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Publication numberUS7717030 B2
Publication typeGrant
Application numberUS 11/675,202
Publication dateMay 18, 2010
Filing dateFeb 15, 2007
Priority dateJan 21, 2003
Fee statusLapsed
Also published asCA2576879A1, CA2576879C, CN101039613A, EP1786304A2, US7207263, US20050019463, US20070131123, WO2006020432A2, WO2006020432A3
Publication number11675202, 675202, US 7717030 B2, US 7717030B2, US-B2-7717030, US7717030 B2, US7717030B2
InventorsWilliam Douglas Henson, Harold Reed McKay, Jr., Donald Joe Tatsch
Original AssigneeFrito-Lay North America, Inc.
Export CitationBiBTeX, EndNote, RefMan
External Links: USPTO, USPTO Assignment, Espacenet
Single mold form fryer with product centering elements
US 7717030 B2
Abstract
A mold form fryer utilizing a top conveyor that transports snack pieces through a constant velocity oil stream without the need for a bottom mating mold or conveyor. Herein, the form fryer is provided with a top conveyor disposed above a fryer oil pan positioned longitudinally through the fryer. Uncooked snack pieces are provided to the fryer oil pan by a bottom entrance conveyor. Snack pieces, once in oil within the fryer, meet with a top conveyor having convex molding surfaces with product-centering elements. At the exit portion of the fryer, a bottom exit conveyor receives the cooked snack pieces from the top conveyor. As no continuous bottom conveyor is utilized, the fryer oil pan may be provided with a reduced volume segment situated between the bottom entrance and exit conveyors.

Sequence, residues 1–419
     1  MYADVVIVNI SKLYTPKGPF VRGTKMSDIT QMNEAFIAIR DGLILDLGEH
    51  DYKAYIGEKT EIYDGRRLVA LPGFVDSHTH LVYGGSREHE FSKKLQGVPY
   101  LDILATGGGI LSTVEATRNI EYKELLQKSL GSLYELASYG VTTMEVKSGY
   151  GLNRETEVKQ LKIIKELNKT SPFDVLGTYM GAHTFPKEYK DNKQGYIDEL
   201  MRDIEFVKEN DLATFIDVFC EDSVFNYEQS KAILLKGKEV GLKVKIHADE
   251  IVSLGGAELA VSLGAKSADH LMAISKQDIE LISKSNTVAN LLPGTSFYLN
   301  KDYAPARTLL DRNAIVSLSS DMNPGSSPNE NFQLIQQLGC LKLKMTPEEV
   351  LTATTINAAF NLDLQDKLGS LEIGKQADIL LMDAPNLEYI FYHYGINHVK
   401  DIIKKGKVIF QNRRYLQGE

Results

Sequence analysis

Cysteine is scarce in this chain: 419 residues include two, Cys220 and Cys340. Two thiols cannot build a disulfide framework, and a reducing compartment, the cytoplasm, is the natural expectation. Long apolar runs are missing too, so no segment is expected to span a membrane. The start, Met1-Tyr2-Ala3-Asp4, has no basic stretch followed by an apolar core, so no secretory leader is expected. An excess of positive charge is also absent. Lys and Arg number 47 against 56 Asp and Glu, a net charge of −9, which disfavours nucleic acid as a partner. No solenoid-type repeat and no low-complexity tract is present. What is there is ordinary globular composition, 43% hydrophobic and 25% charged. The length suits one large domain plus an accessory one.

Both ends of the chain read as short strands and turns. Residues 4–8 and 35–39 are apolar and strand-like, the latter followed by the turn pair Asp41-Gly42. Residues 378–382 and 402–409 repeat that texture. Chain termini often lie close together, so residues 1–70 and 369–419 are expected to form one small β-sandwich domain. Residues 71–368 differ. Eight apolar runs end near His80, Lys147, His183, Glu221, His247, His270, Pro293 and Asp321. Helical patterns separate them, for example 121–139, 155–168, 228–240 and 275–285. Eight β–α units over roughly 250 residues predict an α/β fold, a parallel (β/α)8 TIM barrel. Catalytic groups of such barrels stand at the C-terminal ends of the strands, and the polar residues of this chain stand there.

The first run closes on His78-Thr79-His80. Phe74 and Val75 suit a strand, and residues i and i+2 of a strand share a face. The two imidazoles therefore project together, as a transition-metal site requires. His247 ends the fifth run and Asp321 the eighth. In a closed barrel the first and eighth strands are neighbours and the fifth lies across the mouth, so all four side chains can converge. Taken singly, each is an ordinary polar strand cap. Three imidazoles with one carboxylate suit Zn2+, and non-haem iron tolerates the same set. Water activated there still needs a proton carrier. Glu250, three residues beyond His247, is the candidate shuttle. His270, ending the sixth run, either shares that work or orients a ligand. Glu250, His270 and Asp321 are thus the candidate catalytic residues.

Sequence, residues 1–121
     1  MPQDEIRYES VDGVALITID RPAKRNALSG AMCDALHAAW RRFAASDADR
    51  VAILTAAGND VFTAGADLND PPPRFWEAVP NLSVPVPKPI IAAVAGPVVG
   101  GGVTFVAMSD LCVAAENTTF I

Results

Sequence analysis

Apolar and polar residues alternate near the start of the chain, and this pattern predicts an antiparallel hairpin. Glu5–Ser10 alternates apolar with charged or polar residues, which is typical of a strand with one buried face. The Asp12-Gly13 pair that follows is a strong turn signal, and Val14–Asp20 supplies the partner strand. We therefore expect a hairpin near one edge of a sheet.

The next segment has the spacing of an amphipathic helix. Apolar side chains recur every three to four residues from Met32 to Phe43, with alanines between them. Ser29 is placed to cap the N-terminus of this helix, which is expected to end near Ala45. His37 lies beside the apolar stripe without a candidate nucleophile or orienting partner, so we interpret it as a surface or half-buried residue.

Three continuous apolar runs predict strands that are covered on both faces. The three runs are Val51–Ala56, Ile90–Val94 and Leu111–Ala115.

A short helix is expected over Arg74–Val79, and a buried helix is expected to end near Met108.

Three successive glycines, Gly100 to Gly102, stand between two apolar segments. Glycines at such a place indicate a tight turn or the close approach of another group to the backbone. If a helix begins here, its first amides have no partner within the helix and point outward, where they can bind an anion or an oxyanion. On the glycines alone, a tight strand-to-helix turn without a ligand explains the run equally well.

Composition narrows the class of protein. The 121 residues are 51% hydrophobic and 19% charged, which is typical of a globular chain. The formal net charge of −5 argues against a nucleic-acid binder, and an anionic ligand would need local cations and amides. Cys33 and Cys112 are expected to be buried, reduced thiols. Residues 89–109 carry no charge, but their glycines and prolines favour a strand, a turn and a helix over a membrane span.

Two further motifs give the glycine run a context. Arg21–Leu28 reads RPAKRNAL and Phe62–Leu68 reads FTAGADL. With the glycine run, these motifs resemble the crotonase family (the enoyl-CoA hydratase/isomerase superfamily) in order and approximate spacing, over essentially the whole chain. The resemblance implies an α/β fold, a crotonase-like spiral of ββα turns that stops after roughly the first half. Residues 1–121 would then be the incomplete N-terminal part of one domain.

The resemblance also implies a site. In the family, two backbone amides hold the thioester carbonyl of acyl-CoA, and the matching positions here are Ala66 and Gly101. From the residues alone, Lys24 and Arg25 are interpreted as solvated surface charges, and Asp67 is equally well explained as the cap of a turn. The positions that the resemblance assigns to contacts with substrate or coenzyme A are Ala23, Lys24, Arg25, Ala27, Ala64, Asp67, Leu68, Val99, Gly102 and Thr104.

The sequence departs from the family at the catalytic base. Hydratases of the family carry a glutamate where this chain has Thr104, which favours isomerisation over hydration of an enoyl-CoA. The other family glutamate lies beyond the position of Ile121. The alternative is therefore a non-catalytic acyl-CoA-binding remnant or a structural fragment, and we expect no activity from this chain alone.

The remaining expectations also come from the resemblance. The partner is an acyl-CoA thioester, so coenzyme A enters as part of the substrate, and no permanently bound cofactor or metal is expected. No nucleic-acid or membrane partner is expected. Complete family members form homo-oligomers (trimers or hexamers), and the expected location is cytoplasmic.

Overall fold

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Claims(10)
1. A mold conveyor for a submerged form fryer comprising a plurality of molds linked together and having convex mold surfaces, wherein each mold has a product-retaining portion that is flanked by two product-centering elements; wherein said plurality of molds form a top conveyor; wherein a lower portion of the top conveyor is submerged in cooking oil; and further wherein said lower portion of the top conveyor is not continuously accompanied by any corresponding mold conveyor situated below the top conveyor.
2. The mold conveyor of claim 1 wherein each one of said product-centering elements that is located between two adjacent molds comprises a V-shaped structure, the apex of which points outward from the mold conveyor.
3. The mold conveyor of claim 1 wherein each one of said product-centering elements that is located between two adjacent molds comprises a cylindrical structure.